I’ve seen this idea on lots of blogs throughout my activity searching and finally decided I would make one too. You can use this link on Mama Jenn to see how it’s made. This is not only good shape practice, but it’s turning out to be good fine motor skill practice too. J does have a hard time stretching the rubber bands to far enough, when left on his own he basically lays them across two pegs. I have to encourage him to try and stretch them further.
This is definitely an activity that we do together. Even if he had the fine motor skills to do it on his own, I would still keep a close eye on him because the board is made with pushpins. So far there is no sign at all that they might come out, but I’m not confident enough to walk away from him with this toy yet. Also, removing the stretched rubber bands could potential shoot them across the room or into his leg which could hurt. He can’t remove them on his own yet either, so we haven’t actually had an injury or anything, just FYI.
Floor Shapes: We taped triangles up and down our kitchen floor. I got the first few started and then J helped me by decided if the triangle should be big or little and making sure I completed the triangle’s three sides. I repeated again and again that triangles have three sides and we counted as I placed each side down. This is my winter/rainy day version of sidewalk chalk. If you read my sidewalk chalk post, you’ll know that I like to have something out as a consistent reminder of our weekly lessons. Painter’s tape works well when we can’t get outside!
When the triangles were all completed, we traced them with our fingers, we walked and “jumped” across the triangle path, we drove cars around the sides of the triangles and we filled each triangle with one of his Matchbox cars (a good reminder for the number one).
Triangle Building Shapes – This is a simple activity and so easy to prepare. All I had to do was cut out a handful of foam triangles in different sizes and colors. I showed J how to lay the triangles next to each other to create pictures and designs (basically build with triangles instead of blocks). He mostly wanted to match the triangles (same size and color) which was perfectly fine with me. The point was to give him lots of visual reminders of a triangle and that was accomplished. You could do this activity with felt or even construction paper (and glue the shapes onto paper). I saw something similar in a learning store, but the shapes were magnetic. I loved that idea, but I was too cheap to buy them and didn’t have time to make them!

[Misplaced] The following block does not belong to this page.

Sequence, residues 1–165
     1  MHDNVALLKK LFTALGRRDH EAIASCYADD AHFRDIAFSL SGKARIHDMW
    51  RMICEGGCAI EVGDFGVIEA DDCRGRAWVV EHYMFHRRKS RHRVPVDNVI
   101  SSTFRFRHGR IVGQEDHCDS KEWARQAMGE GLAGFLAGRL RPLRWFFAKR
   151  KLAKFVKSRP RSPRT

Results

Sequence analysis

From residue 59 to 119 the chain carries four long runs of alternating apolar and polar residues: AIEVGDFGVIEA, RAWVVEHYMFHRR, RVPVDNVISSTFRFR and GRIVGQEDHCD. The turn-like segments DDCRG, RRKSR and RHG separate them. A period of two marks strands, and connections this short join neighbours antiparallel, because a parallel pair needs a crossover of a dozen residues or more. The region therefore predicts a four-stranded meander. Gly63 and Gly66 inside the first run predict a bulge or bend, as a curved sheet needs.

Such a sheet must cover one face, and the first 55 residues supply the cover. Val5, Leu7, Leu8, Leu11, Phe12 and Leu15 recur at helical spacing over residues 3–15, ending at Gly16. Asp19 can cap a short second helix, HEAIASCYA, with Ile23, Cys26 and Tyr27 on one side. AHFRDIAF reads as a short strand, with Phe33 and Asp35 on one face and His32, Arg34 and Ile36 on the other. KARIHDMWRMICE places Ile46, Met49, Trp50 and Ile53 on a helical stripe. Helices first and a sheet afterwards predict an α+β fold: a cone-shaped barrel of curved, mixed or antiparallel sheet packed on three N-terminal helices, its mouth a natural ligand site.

Stickers in Triangles – I gave J a piece of paper filled with triangles and had him place one sticker inside each triangle.
Age Attempted: 23 months (have done similar activities much younger… 18 months??)
Teachable Moments: inside/outside (with stickers and cars inside triangle); focus on triangles having 3 sides and 3 corners/points; what shapes can we create by placing triangles together?? (foam pieces)
Try Again? I resuse these activities often
Posted in Age Range, Concepts, Counting, Early Preschool (3-4 years), Early Toddler (18-24 months), Inside and Outside, Math, Pre-Toddler (12-18 months), Shapes, Table Time, Toddler (2-3 years)
Tagged Counting, Shapes
We’ve done a few crafts this way and I’ve found they work really well for toddlers. It requires simple shape matching and gluing.
First I cut out the pieces and traced the shapes into the desired shape on construction paper. In this case it was 3 circles (though hearts would probably make them look more like clovers… didn’t think about that until it was already done!) I did not trace the stem of the clover; we just added that last.
J helps match the shape cut-outs to the traced shapes on the paper. Using a Q-tip, he glues the shape in place.
This is J’s final product.
J has also made a flower and a sun using this same process (I’ll post those pictures later). I have planned some pictures where he has to match multiple shapes in one activity.
Age attempted: this particular one was at 23 months, the flower and sun were done around 19 months
Teachable Moments: I emphasize the shapes in the project, how to use glue (he uses the Q-tip to place a dab of glue inside the shapes)
Try Again? Similar activities, yes
Posted in Age Range, Arts and Crafts, Early Preschool (3-4 years), Early Toddler (18-24 months), Holidays and Seasons, Math, Pre-Toddler (12-18 months), Preschool (4-5 years), Shapes, St. Patrick's Day, Toddler (2-3 years)
Tagged matching, Shapes
I’m always looking for ways to incorporate our lesson of the day into any and all activities of the day. J is having a difficult time remembering the rectangle, maybe because it’s similar to the square?? So today I cut his apple into rectangles. I think every mom does this at some point. It’s a simple way to help them learn and a simple way to encourage them to eat. For some reason the apple-circles are much more fun to eat than just the apple slices!